Jean-Paul Sartre: Pioneer of Existentialism

Jean-Paul Sartre was born on June 21, 1905, in Paris, France. When Sartre’s father died in 1906, Sartre and his mother moved in with his mother’s father, Karl Schweitzer, who was a respected philosophical and religious writer. His grandfather’s religious beliefs proved to be a point of contention for Sartre growing up, and though he resented his grandfather’s presence, he was open to being tutored by Schweitzer.

Sartre studied philosophy at the prestigious university École Normale Supérieure in 1924, and in 1928, he met fellow classmate and lifelong companion Simone de Beauvoir (who would go on to write The Second Sex, which is considered to be one of the most important feminist texts ever produced). Upon graduating, Sartre enlisted in the army and then took a teaching job in France. By 1933, Sartre had moved to Berlin to study philosophy with Edmund Husserl, and while in Berlin, he also became acquainted with Martin Heidegger. The work of these two men would have a profound impact on Sartre’s own philosophy, and in 1938, Sartre’s philosophical novel, Nausea, was published.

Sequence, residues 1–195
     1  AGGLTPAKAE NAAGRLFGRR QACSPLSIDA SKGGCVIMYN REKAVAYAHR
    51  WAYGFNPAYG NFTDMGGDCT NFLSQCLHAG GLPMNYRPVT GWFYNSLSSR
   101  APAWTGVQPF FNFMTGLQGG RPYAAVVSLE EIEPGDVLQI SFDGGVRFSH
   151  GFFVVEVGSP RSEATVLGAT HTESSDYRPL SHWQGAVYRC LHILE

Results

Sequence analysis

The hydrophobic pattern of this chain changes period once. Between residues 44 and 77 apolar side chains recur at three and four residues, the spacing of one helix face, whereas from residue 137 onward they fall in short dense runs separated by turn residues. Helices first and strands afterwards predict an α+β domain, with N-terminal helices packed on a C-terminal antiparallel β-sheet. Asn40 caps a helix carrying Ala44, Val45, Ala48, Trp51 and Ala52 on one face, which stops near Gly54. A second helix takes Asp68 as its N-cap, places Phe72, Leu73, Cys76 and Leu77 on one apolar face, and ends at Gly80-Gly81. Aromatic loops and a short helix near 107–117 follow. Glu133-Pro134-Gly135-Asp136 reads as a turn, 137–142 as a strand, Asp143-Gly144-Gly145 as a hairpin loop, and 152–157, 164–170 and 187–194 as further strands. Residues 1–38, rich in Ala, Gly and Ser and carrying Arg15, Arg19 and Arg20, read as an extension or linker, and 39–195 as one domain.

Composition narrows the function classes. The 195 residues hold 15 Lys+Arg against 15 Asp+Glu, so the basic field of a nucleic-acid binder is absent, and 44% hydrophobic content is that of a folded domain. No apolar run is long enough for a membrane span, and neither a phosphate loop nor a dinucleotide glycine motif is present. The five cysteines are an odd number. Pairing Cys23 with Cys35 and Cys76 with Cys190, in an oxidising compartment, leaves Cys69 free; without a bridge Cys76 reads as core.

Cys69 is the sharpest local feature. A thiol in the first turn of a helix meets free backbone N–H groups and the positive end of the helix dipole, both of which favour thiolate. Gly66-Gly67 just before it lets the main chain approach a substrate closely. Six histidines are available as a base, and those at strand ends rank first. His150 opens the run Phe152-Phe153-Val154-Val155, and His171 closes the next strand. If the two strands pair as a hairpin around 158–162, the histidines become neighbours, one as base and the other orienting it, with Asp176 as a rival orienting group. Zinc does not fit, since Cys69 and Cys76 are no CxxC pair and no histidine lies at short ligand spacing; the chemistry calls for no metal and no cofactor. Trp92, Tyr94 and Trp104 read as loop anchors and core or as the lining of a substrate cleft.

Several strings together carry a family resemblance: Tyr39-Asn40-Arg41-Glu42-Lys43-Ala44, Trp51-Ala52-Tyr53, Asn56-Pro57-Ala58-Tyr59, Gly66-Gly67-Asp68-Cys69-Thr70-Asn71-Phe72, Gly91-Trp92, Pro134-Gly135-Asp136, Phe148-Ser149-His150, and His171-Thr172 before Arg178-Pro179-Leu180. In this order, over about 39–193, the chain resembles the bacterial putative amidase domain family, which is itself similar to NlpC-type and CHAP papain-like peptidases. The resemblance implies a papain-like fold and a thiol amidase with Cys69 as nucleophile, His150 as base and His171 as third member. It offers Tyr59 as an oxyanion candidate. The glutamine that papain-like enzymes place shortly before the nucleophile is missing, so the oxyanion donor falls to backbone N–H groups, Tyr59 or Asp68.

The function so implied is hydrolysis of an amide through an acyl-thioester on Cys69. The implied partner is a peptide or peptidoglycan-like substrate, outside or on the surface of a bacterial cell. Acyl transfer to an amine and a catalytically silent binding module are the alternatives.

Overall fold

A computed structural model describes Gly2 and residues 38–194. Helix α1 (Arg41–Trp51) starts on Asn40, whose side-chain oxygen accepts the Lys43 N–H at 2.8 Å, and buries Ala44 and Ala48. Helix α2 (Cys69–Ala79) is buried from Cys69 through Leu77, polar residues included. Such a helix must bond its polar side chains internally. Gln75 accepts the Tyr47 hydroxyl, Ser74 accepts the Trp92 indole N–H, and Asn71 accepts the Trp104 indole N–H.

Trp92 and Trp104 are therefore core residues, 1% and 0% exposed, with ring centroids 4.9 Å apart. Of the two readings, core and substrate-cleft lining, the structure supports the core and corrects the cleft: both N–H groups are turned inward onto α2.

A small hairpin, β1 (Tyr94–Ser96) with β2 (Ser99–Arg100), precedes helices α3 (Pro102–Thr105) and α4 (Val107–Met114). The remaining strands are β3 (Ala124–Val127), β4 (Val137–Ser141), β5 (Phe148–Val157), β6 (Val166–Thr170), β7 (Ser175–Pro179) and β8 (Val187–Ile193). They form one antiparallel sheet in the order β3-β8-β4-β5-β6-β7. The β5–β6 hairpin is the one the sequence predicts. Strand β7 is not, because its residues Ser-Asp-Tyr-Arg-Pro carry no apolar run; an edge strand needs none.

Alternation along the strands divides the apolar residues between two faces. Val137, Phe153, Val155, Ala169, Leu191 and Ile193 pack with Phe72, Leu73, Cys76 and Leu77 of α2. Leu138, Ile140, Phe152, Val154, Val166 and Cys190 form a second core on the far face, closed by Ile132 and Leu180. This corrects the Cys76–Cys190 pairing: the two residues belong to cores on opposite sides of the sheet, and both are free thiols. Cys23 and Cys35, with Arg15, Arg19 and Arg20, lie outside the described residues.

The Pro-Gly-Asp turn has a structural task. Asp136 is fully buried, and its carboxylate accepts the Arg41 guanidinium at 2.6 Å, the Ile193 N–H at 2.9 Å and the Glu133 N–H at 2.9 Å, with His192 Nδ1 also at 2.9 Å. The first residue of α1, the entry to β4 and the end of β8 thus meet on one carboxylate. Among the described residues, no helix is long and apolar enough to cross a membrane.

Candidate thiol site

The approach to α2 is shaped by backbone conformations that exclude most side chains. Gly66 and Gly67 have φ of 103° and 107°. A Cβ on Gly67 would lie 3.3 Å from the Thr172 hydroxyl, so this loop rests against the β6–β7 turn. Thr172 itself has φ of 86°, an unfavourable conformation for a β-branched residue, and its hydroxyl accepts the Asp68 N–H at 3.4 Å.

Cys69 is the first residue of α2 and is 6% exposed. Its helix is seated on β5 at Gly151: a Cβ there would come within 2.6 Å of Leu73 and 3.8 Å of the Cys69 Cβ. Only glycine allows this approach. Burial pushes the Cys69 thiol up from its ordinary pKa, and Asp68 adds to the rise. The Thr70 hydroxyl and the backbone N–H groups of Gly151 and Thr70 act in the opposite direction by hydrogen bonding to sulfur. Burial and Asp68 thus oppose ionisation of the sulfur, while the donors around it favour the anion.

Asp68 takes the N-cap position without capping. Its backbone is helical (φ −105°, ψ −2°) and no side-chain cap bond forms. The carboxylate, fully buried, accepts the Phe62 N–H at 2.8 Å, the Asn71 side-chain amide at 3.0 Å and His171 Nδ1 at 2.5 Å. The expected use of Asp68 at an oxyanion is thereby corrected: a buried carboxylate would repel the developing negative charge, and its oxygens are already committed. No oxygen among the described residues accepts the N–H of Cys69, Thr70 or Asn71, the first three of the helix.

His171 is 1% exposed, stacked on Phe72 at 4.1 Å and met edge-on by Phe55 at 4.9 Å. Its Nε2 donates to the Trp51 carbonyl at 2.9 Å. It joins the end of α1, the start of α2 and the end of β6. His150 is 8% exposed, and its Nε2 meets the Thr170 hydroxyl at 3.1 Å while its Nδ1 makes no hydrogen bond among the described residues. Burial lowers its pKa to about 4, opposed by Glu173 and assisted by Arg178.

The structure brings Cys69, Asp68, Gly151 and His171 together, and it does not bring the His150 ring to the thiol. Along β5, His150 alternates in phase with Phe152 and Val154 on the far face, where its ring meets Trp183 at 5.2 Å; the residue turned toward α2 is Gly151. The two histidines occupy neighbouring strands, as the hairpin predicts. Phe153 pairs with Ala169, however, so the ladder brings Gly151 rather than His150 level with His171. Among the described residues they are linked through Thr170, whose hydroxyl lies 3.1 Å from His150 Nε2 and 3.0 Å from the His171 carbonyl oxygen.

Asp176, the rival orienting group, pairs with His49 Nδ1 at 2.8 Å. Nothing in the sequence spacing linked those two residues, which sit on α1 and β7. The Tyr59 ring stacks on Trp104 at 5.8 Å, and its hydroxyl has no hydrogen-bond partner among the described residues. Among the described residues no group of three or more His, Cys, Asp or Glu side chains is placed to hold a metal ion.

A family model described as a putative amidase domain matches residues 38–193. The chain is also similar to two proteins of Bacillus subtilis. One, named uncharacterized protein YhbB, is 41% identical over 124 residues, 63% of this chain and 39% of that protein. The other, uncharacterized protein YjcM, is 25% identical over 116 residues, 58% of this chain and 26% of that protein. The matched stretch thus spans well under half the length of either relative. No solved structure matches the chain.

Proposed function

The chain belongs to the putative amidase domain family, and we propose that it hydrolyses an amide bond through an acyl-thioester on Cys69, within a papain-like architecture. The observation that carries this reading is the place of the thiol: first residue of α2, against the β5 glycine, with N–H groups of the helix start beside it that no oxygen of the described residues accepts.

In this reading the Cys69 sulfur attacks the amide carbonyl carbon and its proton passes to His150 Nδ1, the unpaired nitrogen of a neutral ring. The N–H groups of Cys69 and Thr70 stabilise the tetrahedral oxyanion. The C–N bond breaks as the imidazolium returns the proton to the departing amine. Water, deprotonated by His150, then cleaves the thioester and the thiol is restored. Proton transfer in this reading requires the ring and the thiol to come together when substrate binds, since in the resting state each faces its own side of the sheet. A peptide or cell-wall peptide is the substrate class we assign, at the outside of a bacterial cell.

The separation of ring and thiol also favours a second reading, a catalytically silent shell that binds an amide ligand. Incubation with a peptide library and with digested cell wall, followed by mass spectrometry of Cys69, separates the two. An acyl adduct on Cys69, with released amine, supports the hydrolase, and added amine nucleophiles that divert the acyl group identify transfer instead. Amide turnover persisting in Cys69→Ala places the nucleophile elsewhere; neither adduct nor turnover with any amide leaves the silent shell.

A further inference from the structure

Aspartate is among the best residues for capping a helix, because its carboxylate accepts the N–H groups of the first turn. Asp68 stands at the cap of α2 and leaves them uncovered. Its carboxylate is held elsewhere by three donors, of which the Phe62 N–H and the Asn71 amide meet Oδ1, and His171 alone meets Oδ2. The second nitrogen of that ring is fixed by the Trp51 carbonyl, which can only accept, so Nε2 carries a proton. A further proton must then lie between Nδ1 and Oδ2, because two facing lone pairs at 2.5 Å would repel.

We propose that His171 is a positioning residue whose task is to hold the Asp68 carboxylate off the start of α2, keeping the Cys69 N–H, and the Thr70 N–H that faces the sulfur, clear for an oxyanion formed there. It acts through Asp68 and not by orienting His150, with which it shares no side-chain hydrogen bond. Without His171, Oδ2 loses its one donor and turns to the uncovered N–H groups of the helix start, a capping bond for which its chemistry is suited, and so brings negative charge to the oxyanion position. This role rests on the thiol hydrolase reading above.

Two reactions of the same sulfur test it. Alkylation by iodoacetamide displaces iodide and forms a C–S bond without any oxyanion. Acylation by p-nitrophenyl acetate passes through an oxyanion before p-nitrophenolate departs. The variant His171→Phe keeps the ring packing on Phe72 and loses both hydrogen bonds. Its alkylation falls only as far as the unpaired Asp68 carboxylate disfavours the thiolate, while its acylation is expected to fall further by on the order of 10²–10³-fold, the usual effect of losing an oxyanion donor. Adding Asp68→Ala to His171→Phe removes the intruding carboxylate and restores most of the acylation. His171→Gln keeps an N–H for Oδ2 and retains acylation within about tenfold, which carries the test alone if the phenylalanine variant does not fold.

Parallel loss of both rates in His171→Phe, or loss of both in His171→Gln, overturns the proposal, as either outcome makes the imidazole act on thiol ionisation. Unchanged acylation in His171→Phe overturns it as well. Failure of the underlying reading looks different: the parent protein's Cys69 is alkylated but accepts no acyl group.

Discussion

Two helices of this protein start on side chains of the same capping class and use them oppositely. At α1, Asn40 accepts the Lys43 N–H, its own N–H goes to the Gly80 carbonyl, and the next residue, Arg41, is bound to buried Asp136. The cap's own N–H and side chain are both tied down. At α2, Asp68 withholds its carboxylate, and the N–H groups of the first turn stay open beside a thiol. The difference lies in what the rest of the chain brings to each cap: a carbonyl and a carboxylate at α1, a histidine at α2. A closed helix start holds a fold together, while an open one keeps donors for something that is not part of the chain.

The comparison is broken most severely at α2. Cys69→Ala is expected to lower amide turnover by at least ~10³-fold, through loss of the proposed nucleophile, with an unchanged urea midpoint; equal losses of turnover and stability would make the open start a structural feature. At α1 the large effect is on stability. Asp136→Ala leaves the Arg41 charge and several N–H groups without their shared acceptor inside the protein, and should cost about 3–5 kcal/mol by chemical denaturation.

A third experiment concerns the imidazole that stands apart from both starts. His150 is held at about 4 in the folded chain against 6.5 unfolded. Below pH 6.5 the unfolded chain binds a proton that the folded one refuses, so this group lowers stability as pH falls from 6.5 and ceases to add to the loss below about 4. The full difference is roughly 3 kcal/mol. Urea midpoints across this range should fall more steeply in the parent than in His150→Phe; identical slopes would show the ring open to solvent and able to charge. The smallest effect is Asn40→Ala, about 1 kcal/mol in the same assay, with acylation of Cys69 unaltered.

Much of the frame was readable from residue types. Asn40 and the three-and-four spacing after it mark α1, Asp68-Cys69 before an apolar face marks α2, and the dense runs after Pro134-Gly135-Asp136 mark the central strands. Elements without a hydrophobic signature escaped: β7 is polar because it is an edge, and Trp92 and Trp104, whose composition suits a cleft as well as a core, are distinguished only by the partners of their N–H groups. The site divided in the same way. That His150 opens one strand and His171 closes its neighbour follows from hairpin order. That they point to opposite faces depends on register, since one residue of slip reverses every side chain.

In 1939, at the beginning of World War II, Sartre was drafted into the French army. In 1940, Sartre was captured by the Germans and was held as a prisoner of war for nine months. During this time, Sartre began to write his most famous existential work, Being and Nothingness. Sartre returned to Paris in 1941, and two years later, Being and Nothingness was published, propelling Sartre’s fame in the public eye and establishing him as a key intellectual of the post- war era.

Sartre then served as editor for the journal Les Temps Modernes, where he was able to continually write and hone his philosophy, focusing on the political and social world of the time and becoming a political activist. Sartre remained committed to political activism for the rest of his life. A staunch Socialist, Sartre supported the Soviet Union during the Cold War (even though he was critical of the totalitarianism that was featured in Sovietism), met with Fidel Castro and Che Guevara in support of Marxism, opposed the Vietnam War, and was famously an outspoken critic of France’s colonization of Algeria.

Sartre was a prolific writer. In 1964, he was awarded the Nobel Prize in Literature, which he declined (making him the first person to ever do so), claiming that no writer should be turned into an institution and that the cultures of the East and West must be able to exchange with one another without the help of an institution. Throughout his extensive writing career, he wrote philosophical books, films, and plays.